arc review: they both die at the end by adam silvera

***thank you to harpercollins for providing me with a copy of this book via edelweiss in exchange for a review

theybothdieattheend

goodreads summary:

On September 5, a little after midnight, Death-Cast calls Mateo Torrez and Rufus Emeterio to give them some bad news: They’re going to die today. Mateo and Rufus are total strangers, but, for different reasons, they’re both looking to make a new friend on their End Day. The good news: There’s an app for that. It’s called the Last Friend, and through it, Rufus and Mateo are about to meet up for one last great adventure and to live a lifetime in a single day.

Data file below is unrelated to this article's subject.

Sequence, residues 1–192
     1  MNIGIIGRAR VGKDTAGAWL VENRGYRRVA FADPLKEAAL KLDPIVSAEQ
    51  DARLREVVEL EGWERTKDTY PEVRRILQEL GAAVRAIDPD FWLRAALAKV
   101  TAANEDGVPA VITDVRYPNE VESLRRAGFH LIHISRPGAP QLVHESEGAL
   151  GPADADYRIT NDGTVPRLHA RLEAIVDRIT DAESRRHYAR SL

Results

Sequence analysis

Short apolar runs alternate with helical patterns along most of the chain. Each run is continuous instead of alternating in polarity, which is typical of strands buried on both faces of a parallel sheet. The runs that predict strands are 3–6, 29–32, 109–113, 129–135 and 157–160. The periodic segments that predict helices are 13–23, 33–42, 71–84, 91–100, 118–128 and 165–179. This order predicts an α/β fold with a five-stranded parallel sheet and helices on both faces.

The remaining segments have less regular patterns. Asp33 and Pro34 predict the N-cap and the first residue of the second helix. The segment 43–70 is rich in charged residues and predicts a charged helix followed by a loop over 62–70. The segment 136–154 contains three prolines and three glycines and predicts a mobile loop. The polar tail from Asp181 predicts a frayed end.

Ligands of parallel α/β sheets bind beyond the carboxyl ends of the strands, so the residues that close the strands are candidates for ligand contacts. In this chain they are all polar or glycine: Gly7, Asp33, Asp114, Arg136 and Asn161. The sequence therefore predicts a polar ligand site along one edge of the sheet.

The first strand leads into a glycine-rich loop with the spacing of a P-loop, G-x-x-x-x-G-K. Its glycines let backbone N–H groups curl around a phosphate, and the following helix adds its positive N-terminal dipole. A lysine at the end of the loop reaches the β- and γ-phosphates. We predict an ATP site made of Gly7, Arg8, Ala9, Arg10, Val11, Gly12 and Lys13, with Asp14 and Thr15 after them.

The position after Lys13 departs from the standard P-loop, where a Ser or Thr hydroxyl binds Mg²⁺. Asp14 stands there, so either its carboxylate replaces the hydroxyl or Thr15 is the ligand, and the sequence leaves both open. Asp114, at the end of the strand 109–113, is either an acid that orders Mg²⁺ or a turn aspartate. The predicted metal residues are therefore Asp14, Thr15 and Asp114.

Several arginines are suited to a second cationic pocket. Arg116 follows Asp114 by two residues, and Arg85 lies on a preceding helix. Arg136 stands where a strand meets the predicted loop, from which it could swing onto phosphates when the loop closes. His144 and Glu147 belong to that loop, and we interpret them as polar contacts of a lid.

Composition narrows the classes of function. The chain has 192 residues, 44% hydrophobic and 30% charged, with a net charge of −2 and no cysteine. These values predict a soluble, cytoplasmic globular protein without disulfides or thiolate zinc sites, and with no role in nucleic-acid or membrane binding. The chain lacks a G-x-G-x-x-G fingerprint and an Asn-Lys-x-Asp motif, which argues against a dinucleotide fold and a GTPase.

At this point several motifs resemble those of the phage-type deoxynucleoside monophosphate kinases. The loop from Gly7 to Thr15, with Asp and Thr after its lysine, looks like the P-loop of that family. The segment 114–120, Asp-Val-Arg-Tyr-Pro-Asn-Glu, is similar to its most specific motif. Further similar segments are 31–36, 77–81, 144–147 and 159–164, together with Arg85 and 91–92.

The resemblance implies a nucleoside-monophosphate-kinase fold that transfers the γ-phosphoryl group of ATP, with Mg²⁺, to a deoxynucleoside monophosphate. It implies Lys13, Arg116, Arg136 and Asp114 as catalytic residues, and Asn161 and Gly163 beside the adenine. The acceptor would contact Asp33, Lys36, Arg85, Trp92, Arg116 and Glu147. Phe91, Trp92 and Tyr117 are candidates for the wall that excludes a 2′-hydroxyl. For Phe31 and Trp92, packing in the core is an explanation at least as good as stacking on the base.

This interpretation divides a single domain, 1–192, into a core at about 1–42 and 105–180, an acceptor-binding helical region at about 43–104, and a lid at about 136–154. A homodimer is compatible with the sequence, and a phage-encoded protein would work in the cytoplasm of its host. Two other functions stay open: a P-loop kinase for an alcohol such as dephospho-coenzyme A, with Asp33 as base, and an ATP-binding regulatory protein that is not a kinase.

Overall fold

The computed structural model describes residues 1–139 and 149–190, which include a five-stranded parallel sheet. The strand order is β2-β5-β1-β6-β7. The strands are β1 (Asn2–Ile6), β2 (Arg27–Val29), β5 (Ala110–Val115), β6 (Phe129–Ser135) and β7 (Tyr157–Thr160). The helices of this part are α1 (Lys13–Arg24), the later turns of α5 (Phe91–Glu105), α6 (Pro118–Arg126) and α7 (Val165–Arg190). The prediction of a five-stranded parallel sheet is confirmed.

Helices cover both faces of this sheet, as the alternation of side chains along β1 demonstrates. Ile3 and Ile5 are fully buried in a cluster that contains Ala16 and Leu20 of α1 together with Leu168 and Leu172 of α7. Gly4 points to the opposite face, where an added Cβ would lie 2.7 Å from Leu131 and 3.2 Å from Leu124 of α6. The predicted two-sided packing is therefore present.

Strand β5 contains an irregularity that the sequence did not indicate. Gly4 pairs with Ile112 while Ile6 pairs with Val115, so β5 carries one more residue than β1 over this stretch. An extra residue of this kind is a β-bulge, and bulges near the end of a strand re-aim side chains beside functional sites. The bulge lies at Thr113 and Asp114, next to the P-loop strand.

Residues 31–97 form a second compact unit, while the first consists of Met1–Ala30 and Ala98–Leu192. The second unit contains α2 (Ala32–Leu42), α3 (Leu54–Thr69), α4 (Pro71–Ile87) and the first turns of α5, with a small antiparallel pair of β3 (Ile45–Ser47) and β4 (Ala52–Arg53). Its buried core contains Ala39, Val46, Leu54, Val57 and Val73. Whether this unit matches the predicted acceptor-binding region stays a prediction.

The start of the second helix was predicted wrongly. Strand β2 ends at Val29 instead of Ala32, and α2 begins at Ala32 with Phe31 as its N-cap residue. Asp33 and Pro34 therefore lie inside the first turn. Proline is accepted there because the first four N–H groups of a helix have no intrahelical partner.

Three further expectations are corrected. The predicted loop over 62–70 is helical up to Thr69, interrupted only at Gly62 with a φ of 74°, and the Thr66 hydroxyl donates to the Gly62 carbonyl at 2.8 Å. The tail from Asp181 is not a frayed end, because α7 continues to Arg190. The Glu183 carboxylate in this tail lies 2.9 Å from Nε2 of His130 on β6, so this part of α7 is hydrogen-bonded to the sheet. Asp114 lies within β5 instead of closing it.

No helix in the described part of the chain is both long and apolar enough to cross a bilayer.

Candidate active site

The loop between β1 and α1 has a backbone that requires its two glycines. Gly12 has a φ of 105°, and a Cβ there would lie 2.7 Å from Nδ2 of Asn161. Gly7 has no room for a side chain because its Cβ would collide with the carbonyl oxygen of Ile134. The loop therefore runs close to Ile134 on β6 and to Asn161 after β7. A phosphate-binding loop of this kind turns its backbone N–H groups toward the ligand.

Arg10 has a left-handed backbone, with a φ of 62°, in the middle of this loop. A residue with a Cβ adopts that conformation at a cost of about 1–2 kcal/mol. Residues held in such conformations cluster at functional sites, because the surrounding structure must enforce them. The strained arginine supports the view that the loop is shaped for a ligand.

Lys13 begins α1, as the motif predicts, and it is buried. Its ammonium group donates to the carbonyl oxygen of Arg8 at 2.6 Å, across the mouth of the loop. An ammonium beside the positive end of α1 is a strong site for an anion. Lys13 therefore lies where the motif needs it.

expected release date: september 5th 2017

my thoughts:

They both Die At The End was as heartbreaking as it was phenomenal. It’s one of those books that reminds me of why I love reading so much, and one that will definitely haunt me.

This book is an emotional roller coaster of a read that will have you tearing up more than once throughout the entirety of the novel. The title alone, for obvious reasons, is enough to make you want to cry, especially after being introduced to the characters, as you already know what lies ahead for them.

Before picking up this book I had been in a major reading slump, but leave it to Adam Silvera to not only get me out of that slump, but to get me to read almost the entire book in one sitting.